“Not my intention,” she hissed and shot at another quin coming up behind the first. “I have no idea why a bunch of psychotic gangers would chase us here.” Then Tariq’s quick glance up and down her prostrate form snapped her attention back to her current position, and she rolled to her feet, quick loading her slug pistol as she did. “When’s our ride leave?”
“As soon as our pilot,” Tariq nodded toward Moe, who was working his way back toward the ship, firing as he moved, “gets on board.” He fired another shot at a quin angling to cut the ursa off from the ship, then jerked his head at the ramp. “You and your friend get on board. We’ll take care of this.” He fired a snapshot at a gaudily dressed zeb who had just appeared in the doorway to the dock.
The zeb threw himself to the ground with a shout of “There she is! Get her!”
“A fan?” Tariq grunted.
Liishi shrugged. “No idea who he is.” She fired another shot just to keep the zeb’s attention on the ceramacrete. “W.B.,” she hissed. “Get moving.”
“Already moved,” his rumbling voice sounded from halfway up the ramp. “These weasels supposed to be here?” He indicated the pin-striped weasel and another in a black spacer suit, wrap-around glasses half-covering his face, both of whom were hunkered down behind the loading ramp.
“Paying customers,” Tariq called back and, at Liishi’s stare, added, “No one said you were supposed to be my only fare this trip. Besides, they’re weasels. How much trouble can they be?”
About that time, Hobbs appeared at the top of the ramp, a Tolmarr Punisher Rifle slung from his shoulder. He ratcheted the first energy round into the chamber, a loud, clattering noise that rose almost, but not quite, above the sounds of gun and laser fire. Then he pulled the trigger and unloaded a hail of fire that dropped three quin at the dock entrance. Tariq moved backward, sliding from one knee to another as he moved, shooting any quin that poked his head above cover. Moe turned and dashed into the loading bay, shouting, “I’ll get her up quick, sir,” as he disappeared inside.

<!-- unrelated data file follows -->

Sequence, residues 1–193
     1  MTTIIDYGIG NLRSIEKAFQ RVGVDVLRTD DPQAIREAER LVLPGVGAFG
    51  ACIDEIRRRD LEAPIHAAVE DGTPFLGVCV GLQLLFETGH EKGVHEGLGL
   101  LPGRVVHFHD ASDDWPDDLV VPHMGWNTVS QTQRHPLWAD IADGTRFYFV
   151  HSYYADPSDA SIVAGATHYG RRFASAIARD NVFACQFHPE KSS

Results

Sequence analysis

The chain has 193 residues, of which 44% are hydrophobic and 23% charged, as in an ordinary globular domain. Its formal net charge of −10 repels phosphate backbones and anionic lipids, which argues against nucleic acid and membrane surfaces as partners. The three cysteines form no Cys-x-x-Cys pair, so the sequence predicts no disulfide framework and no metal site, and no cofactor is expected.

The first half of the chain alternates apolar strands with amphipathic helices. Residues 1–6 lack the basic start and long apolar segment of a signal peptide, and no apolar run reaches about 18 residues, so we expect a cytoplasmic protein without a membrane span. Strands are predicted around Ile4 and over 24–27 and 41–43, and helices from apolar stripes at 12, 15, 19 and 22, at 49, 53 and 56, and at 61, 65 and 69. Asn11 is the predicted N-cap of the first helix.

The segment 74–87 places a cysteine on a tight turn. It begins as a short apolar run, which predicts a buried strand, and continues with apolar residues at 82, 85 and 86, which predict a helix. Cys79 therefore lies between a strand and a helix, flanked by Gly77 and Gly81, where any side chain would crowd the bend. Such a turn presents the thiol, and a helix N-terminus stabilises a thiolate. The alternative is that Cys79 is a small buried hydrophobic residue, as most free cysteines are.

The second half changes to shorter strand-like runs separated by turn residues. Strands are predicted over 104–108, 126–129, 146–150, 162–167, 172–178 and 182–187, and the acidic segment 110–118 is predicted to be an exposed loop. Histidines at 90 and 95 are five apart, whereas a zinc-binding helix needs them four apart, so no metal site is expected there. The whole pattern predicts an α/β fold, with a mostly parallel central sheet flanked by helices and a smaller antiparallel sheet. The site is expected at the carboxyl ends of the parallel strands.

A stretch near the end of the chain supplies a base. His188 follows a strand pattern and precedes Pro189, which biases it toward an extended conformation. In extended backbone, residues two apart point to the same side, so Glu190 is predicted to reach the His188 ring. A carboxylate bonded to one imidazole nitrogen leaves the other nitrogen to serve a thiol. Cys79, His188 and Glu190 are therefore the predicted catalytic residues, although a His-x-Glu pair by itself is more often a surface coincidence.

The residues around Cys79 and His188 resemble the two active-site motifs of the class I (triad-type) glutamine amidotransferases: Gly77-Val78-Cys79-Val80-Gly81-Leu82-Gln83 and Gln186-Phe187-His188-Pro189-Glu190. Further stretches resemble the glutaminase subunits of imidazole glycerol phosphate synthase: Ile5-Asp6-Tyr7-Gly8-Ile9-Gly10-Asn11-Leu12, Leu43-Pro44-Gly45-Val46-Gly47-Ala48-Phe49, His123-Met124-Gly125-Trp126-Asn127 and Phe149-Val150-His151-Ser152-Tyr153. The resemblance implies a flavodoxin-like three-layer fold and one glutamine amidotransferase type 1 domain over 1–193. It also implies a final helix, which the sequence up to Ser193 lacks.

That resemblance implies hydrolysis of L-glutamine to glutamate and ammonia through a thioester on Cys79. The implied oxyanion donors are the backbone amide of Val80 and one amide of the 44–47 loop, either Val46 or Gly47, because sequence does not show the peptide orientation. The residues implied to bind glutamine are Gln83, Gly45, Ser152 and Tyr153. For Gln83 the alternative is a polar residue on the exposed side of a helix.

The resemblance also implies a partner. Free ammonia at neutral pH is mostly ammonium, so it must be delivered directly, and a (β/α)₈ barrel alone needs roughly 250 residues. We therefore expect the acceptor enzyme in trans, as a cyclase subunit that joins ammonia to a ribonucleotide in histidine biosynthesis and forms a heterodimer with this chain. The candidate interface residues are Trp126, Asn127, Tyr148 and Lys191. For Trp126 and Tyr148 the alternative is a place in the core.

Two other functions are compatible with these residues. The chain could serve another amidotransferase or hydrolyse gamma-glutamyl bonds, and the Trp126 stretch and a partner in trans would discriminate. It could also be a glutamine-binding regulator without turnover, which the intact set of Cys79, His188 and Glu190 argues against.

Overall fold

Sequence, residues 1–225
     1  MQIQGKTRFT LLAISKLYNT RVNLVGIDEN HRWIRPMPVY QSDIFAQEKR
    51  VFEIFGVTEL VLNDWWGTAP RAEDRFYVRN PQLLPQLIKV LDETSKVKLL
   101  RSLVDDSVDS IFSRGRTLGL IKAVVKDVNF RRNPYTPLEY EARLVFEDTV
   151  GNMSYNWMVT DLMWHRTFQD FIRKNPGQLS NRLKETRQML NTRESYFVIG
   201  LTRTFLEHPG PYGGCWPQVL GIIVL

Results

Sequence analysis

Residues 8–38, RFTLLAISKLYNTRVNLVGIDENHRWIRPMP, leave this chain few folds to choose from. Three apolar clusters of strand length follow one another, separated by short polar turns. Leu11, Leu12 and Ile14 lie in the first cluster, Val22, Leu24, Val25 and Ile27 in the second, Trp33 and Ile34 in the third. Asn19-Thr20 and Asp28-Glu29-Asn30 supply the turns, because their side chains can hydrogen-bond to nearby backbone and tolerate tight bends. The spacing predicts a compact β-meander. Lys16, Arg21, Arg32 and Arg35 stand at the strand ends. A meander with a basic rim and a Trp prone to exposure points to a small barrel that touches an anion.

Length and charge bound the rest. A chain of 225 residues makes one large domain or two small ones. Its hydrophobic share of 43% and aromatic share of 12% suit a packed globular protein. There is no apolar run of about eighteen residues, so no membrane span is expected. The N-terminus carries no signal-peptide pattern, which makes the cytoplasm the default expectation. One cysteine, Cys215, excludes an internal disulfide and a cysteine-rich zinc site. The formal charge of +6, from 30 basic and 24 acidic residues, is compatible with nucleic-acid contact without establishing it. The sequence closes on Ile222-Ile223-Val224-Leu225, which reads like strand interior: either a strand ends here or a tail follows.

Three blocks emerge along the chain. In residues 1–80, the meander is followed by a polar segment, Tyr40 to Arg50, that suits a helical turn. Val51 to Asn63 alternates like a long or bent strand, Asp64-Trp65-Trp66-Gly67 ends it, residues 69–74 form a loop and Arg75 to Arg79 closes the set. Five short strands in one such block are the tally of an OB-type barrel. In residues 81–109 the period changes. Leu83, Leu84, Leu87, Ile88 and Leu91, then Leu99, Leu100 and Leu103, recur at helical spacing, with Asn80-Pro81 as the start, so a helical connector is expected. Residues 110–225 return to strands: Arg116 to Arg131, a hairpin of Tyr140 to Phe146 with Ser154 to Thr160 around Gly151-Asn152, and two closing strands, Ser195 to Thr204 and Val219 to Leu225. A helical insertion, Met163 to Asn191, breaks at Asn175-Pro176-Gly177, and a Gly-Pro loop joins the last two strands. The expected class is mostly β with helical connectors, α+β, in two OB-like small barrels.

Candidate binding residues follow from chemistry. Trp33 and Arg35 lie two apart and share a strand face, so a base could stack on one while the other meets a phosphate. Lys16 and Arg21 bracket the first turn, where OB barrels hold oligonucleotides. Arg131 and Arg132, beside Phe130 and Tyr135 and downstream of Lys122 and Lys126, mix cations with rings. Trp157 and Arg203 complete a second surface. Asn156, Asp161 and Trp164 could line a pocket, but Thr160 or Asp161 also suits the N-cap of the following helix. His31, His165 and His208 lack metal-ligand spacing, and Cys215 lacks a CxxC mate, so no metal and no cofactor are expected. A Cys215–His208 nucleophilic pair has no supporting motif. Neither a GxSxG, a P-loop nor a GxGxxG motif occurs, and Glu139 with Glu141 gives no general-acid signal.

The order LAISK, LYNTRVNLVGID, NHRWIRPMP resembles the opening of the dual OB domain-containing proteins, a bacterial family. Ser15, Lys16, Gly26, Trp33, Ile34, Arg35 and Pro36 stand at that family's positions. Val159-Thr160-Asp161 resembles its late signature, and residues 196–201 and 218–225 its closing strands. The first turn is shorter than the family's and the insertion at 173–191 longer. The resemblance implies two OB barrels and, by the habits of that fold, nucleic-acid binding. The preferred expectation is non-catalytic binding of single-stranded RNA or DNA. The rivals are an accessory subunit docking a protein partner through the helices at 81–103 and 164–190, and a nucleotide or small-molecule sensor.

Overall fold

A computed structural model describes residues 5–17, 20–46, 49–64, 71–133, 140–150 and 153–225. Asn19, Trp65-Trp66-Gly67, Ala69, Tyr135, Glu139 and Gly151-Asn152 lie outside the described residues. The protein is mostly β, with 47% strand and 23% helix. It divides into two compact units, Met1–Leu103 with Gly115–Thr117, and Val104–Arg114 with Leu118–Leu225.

W.B. let out a low whistle as the weasels scampered by him. “I had the Tolmarr MKII at one point, but thought the capacity too low for what the specs said it could do,” he admitted. “Looks like they ironed out the bugs.”
Hobbs just grinned and shouldered the rifle again. The rumble of the ship’s engines powering up caused the ground to shake.
In the background, Liishi could hear the sound of sirens nearing the docking bay. Closer at hand, the remaining quin poked their heads above cover. A few looked as though they might rush the ship but most slunk toward the far doors.
Hobbs let them go.
Tariq waved the others on up the ramp and followed, pistol out, looking back over his shoulder as he ascended. “Show’s over, folks. Move along now.”
Liishi trotted up the ramp as well. When she reached the top she glanced back to see the gaudily dressed zeb shaking his fist at her then ducking out of sight as law enforcement troops entered the docking bay. Weird.
“Power down your engines and clear the vehicle!” came across a loud speaker.
Tariq shook his head. “No can do, fellas.” And he punched the loading ramp closed, yelling, “Moe! Get us out of here!” as he strode toward the front of the ship, advising everyone to find a seat. “It’s going to be a bumpy ride. Backwater security shoots first and asks questions later.”
“That is if they feel like asking,” W.B. added as he finished stowing their lockers in the cabins.
Tariq’s laughter floated back to them as he took the steps up to the command center. “I can see you’ve experienced their hospitality,” he called; then his voice disappeared in the rattle of gunfire outside the ship.
The noise sent the weasels into one of the cabins, the door slamming shut behind them. W.B. calmly fastened himself into an acceleration seat and smiled at Liishi. She tugged at one ear, part of her wanting to move to the front of the ship so she could see outside, part of her wanting to follow the example set by the weasels.
Instead, she threw herself into the closest seat and rammed the buckles closed as the ship’s engines pitched to a whine and the sense of being shoved through the flooring settled into her bones. She clutched the armrests and clamped her eyes shut. Vibrations in the hull caused a nearby locker to pop open, its door banging against the bulkhead then closed again. The clatter of pipes drifted from somewhere else.
I hate this part, Liishi thought. And then sounds of combat outside faded as the ship punched into space.